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P. Who, at this rate of talking, can be free?
S. The brave, wife, honeft man, and only he :
All elfe are flaves alike, the world around,
Kings on the throne, and beggars on the ground:
He, fir, is proof to grandeur, pride, or pelf,
And (greater ftill) is master of himself :

Not to-and-fro by fears and factions hurl'd,
But loose to all the interefts of the world:
And while that world turns round, entire and whole,
He keeps the facred tenor of his foul;
In every turn of fortune ftill the fame,
As gold unchang'd, or brighter from the flame :
Collected in himfelf, with godlike pride,
He fees the darts of envy glance afide;
And, fix'd like Atlas, while the tempeft blow,
Smiles at the idle ftorms that roar below.
One fuch you know, a layman, to your fhame,
And yet the honour of your blood and name,
If you can fuch a character maintain,
You too are free, and I'm your flave again.

But when in Hemfkirk's pictures you delight,
More than yourself, to fee two drunkards fight;
"Fool, rogue, fot, blockhead," or fuch names are mine:
Your's are," a Connoiffeur," or " Deep Divine."

I'm chid for loving a luxurious bit,

The facred prize of learning, worth, and wit:
And yet fome fell their lands thefe bits to buy;
Then, pray, who fuffers most from luxury?
I'm chid, 'tis true; but then I pawn no plate,
I feal no bonds, I mortgage no estate. ́

Befides,

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Befides, high living, fir, muft wear you out
With furfeits, qualms, a fever, or the gout.
By fome new pleasures are you ftill engross'd,
And when you fave an hour, you think it loft.
To sports, plays, races, from your books you run,
And like all company, except your own.

You hunt, drink, sleep, or (idler ftill) you rhyme;
Why?-but to banish thought, and murder time:
And yet that thought, which you discharge in vain,
Like a foul-loaded piece, recoils again.

P. Tom, fetch a cane, a whip, a club, a stone,--S. For what?

P. A fword, a pistol, or a gun:

I'll fhoot the dog.

S. Lord! who would be a wit?

He's in a mad, or in a rhyming fit.

P. Fly, fly, you rafcal, for your fpade and fork; For once I'll fet your lazy bones to work: Fly, or I'll fend you back, without a groat, To the bleak mountains where you firft were caught.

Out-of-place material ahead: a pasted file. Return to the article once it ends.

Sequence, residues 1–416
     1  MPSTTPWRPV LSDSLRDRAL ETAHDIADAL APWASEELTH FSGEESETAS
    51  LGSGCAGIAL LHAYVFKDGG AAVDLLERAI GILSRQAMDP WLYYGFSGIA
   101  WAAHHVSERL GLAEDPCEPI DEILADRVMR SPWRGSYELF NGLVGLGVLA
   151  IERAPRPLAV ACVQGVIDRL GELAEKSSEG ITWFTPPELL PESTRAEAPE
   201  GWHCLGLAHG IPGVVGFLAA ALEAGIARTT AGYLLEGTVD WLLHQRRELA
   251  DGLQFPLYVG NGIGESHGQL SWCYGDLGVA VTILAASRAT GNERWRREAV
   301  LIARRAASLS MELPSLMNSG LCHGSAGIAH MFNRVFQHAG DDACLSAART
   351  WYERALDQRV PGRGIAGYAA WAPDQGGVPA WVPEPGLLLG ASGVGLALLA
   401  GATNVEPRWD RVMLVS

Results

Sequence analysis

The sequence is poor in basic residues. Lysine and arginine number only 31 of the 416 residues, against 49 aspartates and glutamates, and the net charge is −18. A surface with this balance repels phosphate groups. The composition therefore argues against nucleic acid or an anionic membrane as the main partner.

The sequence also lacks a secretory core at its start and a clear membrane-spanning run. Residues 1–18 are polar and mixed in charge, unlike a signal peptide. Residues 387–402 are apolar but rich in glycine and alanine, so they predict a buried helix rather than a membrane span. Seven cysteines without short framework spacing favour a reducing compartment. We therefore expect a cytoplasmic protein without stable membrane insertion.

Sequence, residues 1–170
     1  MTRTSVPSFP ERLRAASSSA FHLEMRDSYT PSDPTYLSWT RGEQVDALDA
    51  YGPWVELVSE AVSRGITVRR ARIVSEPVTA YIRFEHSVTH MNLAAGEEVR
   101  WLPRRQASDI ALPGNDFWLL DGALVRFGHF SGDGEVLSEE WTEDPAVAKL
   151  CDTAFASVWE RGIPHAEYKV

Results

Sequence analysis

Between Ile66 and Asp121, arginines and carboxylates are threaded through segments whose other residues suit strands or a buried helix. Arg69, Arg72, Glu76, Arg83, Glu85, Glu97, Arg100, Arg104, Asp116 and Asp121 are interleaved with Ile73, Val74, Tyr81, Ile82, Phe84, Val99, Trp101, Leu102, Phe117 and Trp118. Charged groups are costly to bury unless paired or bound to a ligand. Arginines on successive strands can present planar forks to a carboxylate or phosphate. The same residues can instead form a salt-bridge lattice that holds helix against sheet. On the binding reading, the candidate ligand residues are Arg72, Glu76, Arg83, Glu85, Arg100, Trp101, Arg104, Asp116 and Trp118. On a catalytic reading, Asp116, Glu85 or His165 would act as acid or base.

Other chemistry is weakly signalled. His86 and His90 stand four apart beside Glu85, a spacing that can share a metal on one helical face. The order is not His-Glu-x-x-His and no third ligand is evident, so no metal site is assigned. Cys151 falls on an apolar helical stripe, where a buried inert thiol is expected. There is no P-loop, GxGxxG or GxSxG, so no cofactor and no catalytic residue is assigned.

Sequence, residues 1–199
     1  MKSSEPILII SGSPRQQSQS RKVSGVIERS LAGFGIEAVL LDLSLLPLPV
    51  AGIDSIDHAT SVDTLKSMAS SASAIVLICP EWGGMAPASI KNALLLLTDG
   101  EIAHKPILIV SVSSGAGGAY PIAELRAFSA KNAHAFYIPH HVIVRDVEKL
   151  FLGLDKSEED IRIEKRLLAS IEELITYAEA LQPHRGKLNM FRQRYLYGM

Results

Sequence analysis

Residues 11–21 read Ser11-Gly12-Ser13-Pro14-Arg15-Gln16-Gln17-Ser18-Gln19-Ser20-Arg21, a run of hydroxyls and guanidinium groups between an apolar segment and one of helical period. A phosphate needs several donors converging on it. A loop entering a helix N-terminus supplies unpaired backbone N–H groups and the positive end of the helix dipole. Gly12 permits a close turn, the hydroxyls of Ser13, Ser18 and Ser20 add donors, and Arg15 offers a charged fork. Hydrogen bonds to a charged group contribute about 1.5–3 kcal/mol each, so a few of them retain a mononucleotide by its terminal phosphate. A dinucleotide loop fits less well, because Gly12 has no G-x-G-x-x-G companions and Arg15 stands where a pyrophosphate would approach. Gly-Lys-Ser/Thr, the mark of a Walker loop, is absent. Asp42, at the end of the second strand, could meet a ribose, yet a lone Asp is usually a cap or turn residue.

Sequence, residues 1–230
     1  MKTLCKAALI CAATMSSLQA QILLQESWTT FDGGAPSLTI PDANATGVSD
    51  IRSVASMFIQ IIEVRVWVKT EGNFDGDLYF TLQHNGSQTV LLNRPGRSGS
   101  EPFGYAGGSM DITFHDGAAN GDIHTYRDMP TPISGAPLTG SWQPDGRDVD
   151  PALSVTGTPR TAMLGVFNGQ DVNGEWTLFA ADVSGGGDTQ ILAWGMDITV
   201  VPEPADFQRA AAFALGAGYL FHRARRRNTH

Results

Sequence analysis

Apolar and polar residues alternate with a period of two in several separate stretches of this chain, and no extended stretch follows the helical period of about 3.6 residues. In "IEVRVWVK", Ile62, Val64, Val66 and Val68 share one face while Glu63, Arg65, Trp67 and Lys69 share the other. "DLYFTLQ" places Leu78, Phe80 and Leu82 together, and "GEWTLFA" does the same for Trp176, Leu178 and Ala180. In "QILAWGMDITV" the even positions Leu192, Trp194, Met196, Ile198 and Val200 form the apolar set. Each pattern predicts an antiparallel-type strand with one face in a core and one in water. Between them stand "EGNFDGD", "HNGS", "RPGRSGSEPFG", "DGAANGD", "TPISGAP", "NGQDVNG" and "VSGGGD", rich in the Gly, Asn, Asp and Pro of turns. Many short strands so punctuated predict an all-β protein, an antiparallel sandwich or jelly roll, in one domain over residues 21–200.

ODE TO JOHN PITT, Esq.

Advising him to build a banquetting-house on a hill that overlooks the fea.

FROM this tall promontory's brow

You look majestic down,

And fee extended wide below

Th' horizon all your own.

With growing piles the vales are crown'd,

Here hills peep over hills;

There the vast sky and sea profound
Th' increafing profpect fills.

O bid, my friend, a structure rife,
And this huge round command;
Then fhall this little point comprise
The ocean and the land.

Then you, like Æolus, on high,
From your aerial tower,
Shall fee fecure the billows fly,

And hear the whirlwinds roar.

You, with a fmile, their rage despise,
Till fome fad wreck appears,
And calls, from your relenting eyes,
The fympathizing tears.

Thus may you view, with proud delight,
While winds the deep deform,
(Till human woes your grief excite)

All nature in a storm.

Majeftic, awful scene! when, hurl'd

On furges, furges rife,

And all the heaving watery world
Tumultuous mounts the skies.

The feas and thunder roar by turns,
By turns the peals expire;
The billows flash, and æther burns
With momentary fire..

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But

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Has ftill'd the murmuring tides.

Spread wide abroad, the glaffy plain,,

In various colours gay,

Reflects the glorious fun again,
And doubly gilds the day.

Th' horizon glows from fide to fide,
And flames with glancing rays;
The floating, trembling, filver tide,
Is one continual blaze.

Your eyes the profpect now command,
All uncontrol'd and free,

Fly like a thought from land to land,
And dart from fea to fea.

Thus, while above the clouds we fit,
And innocently gay,

Pafs in amusements, wine, or wit,

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Sometimes, with pity, or difdain,.
In thought a glance we throw

Down on the poor, the proud, the vain,,

In yonder world below.

We fee, from this exalted feat,

(How fhrunk, reduc'd, confin'd!) The little perfon of the great,

As little as his mind.

See

See there-amidft the crowds our view
Some scatter'd virtues ftrike;

But thofe fo throng'd, and these so few,
The world looks all alike.

Ο

Yet, through this cloud of human kind,
The Talbots we furvey,

The Pitts, the Yorks, the Seckers find,
Who fhine in open day.

ODE TO JOHN PITT, Esq.

On the fame fubject.

'ER curious models as you rove

The vales with piles to crown,

And great Palladio's plans improve
With nobler of your own;

O bid a ftructure o'er the floods
From this high mountain rise,
Where we may fit enthron'd like gods,
And revel in the skies.

Th' afcending breeze, at each repaft,
Shall breathe an air divine,

Give a new brightness to the taste,
New fpirit to the wine.

Or these low pleasures we may quit

For banquets more refin'd,
The works of each immortal wit,

The luxury of the mind.

Plato,

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